Transcribed from History of Wyandotte County Kansas and its people ed. and comp. by Perl W. Morgan. Chicago, The Lewis publishing company, 1911. 2 v. front., illus., plates, ports., fold. map. 28 cm. [Vol. 2 contains biographical data. Paged continuously.] p. 823-825 transcribed by Ashley Rozell, student from USD 508, Baxter Springs Middle School, Baxter Springs, Kansas, on March 12, 2001.

James M. Killmer

JAMES M. KILLMER. - The present able incumbent of the office of county commissioner of Wyandotte county, Kansas, is James M. Killmer, who, prior to his retirement in 1908, was engaged in the general merchandise business at Rosedale, Kansas, where he has been honored by his fellow citizens with election to various offices of trust and responsibility and where he has gained recognition as one of the ablest citizens of this section of the old Sunflower state. Mr. Killmer was a gallant and faithful soldier in the Civil war and during his life time he has been identified with a number of different occupations, in all of which he achieved noteworthy success.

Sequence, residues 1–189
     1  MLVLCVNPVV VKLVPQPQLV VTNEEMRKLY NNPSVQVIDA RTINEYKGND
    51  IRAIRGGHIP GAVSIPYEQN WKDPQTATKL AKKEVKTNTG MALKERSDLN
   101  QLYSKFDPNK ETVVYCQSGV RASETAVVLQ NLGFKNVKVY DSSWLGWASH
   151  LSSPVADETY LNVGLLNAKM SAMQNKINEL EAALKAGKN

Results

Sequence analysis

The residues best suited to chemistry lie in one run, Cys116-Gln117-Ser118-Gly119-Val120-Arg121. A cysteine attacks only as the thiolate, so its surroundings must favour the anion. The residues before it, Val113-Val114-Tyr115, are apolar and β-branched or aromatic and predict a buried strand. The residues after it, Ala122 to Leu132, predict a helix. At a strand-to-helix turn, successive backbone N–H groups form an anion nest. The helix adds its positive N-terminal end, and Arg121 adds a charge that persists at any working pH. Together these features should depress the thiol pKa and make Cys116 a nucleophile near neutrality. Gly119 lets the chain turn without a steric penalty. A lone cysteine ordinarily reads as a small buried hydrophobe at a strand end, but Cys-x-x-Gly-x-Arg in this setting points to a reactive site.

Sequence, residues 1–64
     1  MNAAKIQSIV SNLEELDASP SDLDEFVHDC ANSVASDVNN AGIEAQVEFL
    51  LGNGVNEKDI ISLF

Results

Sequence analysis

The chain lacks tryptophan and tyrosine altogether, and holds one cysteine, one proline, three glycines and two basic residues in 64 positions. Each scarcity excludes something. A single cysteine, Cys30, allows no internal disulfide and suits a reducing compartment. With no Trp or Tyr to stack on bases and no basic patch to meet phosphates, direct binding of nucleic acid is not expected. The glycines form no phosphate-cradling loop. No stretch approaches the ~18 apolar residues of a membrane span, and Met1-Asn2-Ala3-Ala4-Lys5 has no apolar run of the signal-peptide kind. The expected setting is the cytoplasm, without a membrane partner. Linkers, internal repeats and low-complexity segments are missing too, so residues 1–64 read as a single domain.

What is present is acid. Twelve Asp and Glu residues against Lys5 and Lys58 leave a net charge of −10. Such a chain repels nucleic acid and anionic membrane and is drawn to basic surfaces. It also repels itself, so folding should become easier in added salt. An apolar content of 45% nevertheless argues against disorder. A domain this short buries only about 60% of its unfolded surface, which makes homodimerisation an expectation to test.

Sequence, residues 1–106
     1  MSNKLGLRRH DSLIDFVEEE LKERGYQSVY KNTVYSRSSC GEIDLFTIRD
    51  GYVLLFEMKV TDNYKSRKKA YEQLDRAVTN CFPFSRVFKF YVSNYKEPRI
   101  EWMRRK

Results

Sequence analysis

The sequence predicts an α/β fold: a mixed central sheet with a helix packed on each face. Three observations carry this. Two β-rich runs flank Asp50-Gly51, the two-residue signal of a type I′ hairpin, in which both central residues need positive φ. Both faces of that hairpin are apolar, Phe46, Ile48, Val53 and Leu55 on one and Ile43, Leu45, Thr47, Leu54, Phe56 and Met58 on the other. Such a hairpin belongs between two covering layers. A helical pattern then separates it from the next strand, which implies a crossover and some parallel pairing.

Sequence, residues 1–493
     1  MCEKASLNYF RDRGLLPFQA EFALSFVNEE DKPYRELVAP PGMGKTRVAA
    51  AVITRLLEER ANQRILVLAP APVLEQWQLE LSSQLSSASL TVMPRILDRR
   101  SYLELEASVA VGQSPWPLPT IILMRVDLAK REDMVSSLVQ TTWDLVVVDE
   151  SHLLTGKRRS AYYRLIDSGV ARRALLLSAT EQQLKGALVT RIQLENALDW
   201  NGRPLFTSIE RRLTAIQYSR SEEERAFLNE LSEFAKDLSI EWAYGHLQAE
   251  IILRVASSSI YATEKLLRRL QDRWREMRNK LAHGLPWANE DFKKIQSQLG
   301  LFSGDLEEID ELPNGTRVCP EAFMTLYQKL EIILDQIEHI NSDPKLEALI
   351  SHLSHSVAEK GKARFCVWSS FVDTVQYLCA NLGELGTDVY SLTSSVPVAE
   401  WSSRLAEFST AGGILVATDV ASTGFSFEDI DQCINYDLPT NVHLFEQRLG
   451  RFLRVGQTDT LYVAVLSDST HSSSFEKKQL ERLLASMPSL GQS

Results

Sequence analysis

A native of the fine old Keystone state of the Union, James M. Killmer was born in Schuylkill county, Pennsylvania, the date of his nativity being the 13th of October, 1845. He is a son of John and Catherine (Aarentz) Killmer, both of whom were born in Lebanon county, Pennsylvania, the father in 1829 and the mother in 1831. The father was summoned to the life eternal in 1898, as was also his cherished and devoted wife, the former at the age of sixty-nine years and the latter aged sixty-seven years. Of the ten children born to Mr. and Mrs. John Killmer seven are living at the present time, in 1911, and of the number the subject of this review was the third in order of birth. John Killmer was a merchant in Pennsylvania as a young man and thence he removed west to Kentucky, in Fulton county, Indiana, in 1854, there passing the remainder of his active career in conjunction with the general mercantile business. He was an uncompromising advocate of the principles and policies of the Democratic party in his political convictions and during his life time was incumbent of a number of township offices. His religious faith was in harmony with the tenets of the German Reformed church, and he and his wife both lived exemplary lives and were highly respected by all with whom they came in contact.